Release date: December 29, 2015
Thomas Bellweather hasn’t been in town long. Just long enough for his newlywed mother to be murdered, and for his new stepdad’s cop colleagues to decide Thomas is the primary suspect.
Not that there’s any evidence. But before Thomas got to Garretts Mill there had just been one other murder in twenty years.
The only person who believes him is Charlotte Rooker, little sister to three cops and, with her soft hands and sweet curves, straight-up dangerous to Thomas. Her best friend was the other murder vic. And she’d like a couple answers.
Answers that could get them both killed, and reveal a truth Thomas would die to keep hidden…
Thicker than Water is a psychological murder mystery, set it a small town. The book opens at Thomas’ mother’s funeral, and right then I knew I loved the writing. The author didn’t shy away from depicting his grief, and his subsequent helplessness. For the characters, the depth given to the them was one of the key points of the book. Thomas is a person who used to be charming and popular, but now he is hated and lonely. In his new reality, there are few people who believe him, including Charlotte, the closeted daughter of a police family.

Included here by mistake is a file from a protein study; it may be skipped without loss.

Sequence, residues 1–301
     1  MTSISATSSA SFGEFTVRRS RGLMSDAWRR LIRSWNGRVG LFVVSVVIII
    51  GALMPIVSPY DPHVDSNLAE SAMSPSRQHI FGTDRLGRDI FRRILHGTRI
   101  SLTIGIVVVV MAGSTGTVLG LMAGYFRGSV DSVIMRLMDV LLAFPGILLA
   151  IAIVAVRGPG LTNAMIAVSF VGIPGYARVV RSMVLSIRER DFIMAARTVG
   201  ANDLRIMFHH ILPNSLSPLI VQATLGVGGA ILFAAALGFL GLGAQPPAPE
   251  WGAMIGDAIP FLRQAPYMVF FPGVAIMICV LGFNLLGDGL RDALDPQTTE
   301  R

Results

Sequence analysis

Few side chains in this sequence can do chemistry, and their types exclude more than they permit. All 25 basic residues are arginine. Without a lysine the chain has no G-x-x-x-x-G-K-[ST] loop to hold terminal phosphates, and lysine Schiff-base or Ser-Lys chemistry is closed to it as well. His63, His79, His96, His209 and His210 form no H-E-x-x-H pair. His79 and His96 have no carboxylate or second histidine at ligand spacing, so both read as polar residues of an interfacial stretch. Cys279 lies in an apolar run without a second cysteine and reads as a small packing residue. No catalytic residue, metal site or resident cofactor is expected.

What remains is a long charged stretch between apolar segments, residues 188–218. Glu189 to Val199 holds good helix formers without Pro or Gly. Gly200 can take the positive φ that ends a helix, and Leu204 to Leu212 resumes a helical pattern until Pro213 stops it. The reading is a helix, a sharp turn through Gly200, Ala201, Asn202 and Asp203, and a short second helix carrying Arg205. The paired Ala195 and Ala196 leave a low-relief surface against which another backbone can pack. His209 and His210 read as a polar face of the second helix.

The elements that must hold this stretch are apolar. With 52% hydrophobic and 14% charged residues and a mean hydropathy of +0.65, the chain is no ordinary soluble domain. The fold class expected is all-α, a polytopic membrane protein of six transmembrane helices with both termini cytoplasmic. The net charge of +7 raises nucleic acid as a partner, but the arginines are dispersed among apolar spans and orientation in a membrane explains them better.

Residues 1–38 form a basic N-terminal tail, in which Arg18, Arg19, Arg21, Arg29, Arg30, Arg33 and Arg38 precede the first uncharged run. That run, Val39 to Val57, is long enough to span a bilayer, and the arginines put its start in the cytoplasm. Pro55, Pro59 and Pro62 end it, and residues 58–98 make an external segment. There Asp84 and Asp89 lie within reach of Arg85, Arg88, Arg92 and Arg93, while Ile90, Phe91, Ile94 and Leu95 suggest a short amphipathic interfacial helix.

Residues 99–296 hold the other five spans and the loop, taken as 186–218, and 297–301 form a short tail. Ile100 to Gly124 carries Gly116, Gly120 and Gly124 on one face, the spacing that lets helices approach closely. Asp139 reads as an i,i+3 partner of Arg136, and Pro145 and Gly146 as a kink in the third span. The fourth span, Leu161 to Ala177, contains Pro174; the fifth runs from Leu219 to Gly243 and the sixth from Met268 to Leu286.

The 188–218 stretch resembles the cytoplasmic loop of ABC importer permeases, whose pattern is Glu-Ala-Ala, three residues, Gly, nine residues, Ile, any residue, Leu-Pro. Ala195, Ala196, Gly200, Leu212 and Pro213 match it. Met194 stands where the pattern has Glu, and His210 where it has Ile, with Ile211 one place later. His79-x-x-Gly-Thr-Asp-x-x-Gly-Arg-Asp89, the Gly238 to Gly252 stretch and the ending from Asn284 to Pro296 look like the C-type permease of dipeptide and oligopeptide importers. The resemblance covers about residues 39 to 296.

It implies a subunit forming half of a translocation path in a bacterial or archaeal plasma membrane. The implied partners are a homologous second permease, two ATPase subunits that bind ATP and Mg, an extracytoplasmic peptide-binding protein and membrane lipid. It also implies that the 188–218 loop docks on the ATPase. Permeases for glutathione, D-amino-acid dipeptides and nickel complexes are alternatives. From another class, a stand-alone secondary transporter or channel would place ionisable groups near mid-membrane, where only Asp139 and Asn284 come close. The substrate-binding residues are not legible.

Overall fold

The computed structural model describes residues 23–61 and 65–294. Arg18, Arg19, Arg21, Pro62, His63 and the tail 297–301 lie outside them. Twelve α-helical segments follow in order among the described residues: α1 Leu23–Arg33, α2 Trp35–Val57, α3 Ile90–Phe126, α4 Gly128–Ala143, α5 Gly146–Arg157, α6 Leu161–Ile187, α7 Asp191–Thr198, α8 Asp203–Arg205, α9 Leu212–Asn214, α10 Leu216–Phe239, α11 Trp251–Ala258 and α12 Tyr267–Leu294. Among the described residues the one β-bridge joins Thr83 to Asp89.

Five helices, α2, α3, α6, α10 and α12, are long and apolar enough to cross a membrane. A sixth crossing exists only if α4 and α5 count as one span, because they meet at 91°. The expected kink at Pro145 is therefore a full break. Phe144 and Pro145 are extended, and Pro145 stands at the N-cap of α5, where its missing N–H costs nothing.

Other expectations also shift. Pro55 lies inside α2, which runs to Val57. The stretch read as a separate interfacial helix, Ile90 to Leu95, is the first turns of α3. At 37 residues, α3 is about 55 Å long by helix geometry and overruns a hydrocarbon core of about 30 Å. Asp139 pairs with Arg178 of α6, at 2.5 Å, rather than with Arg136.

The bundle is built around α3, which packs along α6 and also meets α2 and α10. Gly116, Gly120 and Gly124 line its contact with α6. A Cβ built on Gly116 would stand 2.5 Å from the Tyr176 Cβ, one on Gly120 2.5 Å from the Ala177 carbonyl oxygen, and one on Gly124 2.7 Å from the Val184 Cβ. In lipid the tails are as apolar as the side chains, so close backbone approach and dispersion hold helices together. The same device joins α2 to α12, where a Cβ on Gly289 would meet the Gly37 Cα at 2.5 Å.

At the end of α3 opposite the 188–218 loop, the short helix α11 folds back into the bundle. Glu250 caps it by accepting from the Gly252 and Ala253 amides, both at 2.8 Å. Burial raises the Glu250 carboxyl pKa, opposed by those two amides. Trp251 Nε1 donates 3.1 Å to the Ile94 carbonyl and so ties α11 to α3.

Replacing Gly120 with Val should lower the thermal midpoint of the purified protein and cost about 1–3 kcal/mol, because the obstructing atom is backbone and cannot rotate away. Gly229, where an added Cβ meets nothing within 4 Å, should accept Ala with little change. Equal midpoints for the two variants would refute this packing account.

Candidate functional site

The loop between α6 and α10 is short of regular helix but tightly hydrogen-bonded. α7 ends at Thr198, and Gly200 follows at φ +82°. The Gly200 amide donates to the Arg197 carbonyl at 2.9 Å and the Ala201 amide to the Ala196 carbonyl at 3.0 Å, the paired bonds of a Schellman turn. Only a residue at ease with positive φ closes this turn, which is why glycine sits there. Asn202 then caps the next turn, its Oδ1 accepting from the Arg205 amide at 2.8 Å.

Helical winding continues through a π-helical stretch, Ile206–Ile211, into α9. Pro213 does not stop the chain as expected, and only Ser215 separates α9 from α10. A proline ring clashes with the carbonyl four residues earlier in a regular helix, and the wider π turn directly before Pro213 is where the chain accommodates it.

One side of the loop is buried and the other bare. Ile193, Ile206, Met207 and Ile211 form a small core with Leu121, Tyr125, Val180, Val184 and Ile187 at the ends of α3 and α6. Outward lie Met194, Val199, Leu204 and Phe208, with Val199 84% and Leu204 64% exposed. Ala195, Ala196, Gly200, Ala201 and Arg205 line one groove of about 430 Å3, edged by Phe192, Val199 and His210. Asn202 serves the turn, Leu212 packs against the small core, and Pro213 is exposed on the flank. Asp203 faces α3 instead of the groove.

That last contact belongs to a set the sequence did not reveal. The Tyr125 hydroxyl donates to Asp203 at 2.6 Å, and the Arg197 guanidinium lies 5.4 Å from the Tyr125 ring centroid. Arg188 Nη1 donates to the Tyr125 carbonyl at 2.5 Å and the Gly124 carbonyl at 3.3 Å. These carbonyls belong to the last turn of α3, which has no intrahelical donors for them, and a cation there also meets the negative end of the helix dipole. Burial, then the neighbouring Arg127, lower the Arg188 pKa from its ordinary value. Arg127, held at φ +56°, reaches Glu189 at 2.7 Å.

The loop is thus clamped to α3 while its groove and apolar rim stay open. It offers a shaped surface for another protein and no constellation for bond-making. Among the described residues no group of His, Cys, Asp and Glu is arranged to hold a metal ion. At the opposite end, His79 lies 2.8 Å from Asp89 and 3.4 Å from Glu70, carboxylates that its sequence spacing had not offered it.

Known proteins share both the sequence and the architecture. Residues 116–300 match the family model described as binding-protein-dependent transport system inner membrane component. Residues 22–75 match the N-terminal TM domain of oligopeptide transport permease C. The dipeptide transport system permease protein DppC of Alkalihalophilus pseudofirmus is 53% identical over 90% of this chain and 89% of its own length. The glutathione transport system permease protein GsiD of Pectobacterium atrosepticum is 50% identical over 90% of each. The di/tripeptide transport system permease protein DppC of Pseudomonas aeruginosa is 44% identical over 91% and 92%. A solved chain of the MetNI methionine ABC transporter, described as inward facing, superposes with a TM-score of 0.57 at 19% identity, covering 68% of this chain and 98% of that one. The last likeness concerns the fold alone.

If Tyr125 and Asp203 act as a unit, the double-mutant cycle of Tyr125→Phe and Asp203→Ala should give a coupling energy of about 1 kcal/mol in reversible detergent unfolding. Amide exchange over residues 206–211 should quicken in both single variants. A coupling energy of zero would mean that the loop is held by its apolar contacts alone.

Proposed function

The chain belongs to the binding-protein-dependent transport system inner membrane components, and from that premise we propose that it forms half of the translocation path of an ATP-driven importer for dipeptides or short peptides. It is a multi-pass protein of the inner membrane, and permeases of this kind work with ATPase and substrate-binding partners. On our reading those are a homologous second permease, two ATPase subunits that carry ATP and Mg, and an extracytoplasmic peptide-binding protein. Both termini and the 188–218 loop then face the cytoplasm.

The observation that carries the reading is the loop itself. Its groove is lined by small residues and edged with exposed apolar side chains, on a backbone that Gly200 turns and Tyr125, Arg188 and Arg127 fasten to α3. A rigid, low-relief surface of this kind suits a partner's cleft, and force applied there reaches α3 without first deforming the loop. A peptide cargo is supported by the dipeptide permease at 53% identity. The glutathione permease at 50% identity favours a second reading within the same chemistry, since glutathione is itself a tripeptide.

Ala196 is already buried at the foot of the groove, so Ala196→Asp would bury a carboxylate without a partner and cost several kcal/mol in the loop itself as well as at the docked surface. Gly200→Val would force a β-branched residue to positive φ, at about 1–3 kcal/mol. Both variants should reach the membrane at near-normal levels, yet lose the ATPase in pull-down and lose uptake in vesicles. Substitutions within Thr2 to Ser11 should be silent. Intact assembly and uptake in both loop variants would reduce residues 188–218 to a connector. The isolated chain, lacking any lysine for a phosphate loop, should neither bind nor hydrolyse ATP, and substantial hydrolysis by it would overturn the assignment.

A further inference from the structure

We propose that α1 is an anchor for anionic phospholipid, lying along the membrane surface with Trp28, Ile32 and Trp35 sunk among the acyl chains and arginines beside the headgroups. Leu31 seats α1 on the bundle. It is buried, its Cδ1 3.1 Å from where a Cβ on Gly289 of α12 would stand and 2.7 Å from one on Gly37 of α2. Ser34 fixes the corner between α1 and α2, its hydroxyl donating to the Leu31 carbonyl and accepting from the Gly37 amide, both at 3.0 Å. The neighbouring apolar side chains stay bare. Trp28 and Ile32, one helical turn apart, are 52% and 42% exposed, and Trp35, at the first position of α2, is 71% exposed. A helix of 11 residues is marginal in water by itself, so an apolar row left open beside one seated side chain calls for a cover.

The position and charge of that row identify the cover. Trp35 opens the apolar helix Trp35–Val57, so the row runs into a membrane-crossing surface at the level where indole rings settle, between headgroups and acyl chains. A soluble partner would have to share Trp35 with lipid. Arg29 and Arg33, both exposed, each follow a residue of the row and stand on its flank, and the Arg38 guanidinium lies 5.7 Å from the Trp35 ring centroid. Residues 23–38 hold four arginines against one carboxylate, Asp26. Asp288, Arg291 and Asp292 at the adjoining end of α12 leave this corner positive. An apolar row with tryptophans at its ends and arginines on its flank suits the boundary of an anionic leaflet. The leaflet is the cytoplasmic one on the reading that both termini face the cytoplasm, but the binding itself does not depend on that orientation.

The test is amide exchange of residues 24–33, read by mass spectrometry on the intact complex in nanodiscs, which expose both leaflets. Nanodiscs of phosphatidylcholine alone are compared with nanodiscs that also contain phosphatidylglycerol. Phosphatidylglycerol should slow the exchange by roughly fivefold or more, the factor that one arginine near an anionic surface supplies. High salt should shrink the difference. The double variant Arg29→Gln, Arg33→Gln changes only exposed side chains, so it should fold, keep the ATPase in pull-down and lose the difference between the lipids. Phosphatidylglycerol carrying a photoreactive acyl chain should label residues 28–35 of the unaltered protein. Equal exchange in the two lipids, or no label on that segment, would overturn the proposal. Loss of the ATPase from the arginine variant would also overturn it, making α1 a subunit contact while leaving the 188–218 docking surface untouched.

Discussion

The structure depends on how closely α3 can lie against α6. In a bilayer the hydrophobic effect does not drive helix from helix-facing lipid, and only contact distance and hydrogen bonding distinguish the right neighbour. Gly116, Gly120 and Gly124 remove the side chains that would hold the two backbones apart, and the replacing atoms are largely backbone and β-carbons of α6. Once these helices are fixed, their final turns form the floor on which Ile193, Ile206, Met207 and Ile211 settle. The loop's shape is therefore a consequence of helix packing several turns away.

Thomas and Charlotte interacting is very dangerous for him, considering the police still have their eye on him, and she somehow manages to get situations worse. It doesn’t help that she is drawn to him, and he to her kindness. Misunderstandings arise constantly when she is around, and he ends up being thrown in jail. He develops a distrust for the authorities, and his helplessness drives him to seek out clues on his own, leading him to a long-lost brother. Now that’s where it gets even more twisted, because this brother seems a bit shady. I don’t want to give much away, but it also has a paranormal component which was an interesting surprise.
The plot, pacing and overall mysterious atmosphere of the book had me hooked. I couldn’t put it down since I started it, which meant a late night (or morning, if you want to be technical). The ending, though, threw me for a bit. I am not sure if this is a standalone, because there are some things left unexplained, like how he was getting in the houses, what about the father and who was Alex. I sure would have loved to have those things resolved, at least partly, even if this was part of a series. Nevertheless, an immensely enjoyable book.
Received a free galley from Kensington Books via Netgalley; this does not influence my opinions or the review.